Maternal Serum Screening Test Positive for Down Syndrome

18 Maternal Serum Screening Test Positive for Down Syndrome


Thomas D. Shipp


Down syndrome is the most common karyotypic abnormality among liveborns.1 Over the past few decades, much research has concentrated on screening for fetal Down syndrome and the prenatal diagnosis of this condition. The primary factor associated with fetal Down syndrome is maternal age. The rate of fetal Down syndrome increases with increasing maternal age. Because most women who are delivering babies are younger, the majority of fetuses with Down syndrome occur in younger mothers. Therefore, using maternal age alone would be an inefficient approach for prenatal Down syndrome screening. Given the desire of many pregnant women for the knowledge of whether their fetus has Down syndrome, a relatively safe and more effective screening technique is necessary.


Screening tests give us a risk estimate for fetal Down syndrome and do not diagnose a fetus as having Down syndrome. Invasive testing, such as amniocentesis or chorionic villus sampling, is currently the only method for definitively determining the fetal karyotype. As ineffective as maternal age is as a screen for fetal Down syndrome, universal invasive testing for fetal Down syndrome also has its drawbacks. The rate of loss of normal fetuses would be excessive. A more effective screening strategy has become commonplace; namely, using maternal serum analytes to determine the risk for fetal Down syndrome. Because many varied screening strategies will be discussed, it is important to remember that there is not one best screening model.2 Further, a particular screening test may fit the needs of a patient when she is young, but it might not be optimal for her and her family as she ages.3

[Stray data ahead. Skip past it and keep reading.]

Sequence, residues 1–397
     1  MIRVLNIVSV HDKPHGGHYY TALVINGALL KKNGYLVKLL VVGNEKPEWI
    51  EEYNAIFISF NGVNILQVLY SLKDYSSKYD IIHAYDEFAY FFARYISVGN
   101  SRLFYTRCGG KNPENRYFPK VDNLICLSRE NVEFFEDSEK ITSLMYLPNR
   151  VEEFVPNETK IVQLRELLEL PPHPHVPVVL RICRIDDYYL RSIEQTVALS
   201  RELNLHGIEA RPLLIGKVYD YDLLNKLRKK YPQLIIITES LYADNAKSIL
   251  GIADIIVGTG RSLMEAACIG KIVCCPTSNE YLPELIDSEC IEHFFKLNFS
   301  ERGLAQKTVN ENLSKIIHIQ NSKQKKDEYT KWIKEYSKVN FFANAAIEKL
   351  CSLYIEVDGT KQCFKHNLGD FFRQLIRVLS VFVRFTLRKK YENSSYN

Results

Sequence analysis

Women who have positive serum screening for the prenatal detection of Down syndrome frequently have a difficult time discerning the significance of the test results. For the patient faced with having some quantified risk for Down syndrome, health care providers must provide a context in which to help the patient understand the degree of risk. The majority of those with positive serum screens for Down syndrome have perfectly normal fetuses that do not have Down syndrome. Much of our mandate for these patients is to educate them about what a positive serum screen means and to provide reasonable options for the patient and her partner according to their own concerns and values.


Second-Trimester Maternal Serum Screening Test


The maternal serum–α-fetoprotein test (MSAFP) was initially used as a screen for neural tube defects. Subsequently, a low MSAFP was shown to be associated with fetal Down syndrome, although the use of MSAFP and maternal age as a screening test for fetal Down syndrome was associated with a poor detection rate of ~20%.4 Within a few years, an elevated maternal serum human chorionic gonadotropin (hCG) and a low maternal serum unconju-gated estriol (uE3) were also found to be associated with Down syndrome. The use of maternal age and these three maternal serum analytes, MSAFP, hCG, and uE3, also known as the triple screen test, has been found to be effective as a screen for fetal Down syndrome. Sensitivities for the detection of fetal Down syndrome have been reported to be 50–90%, with false-positive rates of 3–6%.46 Generally accepted as having a sensitivity of ~75% with a false-positive rate of 5%, the triple screen test has been commonly used as a screening tool for gravidas in the second trimester for over a decade.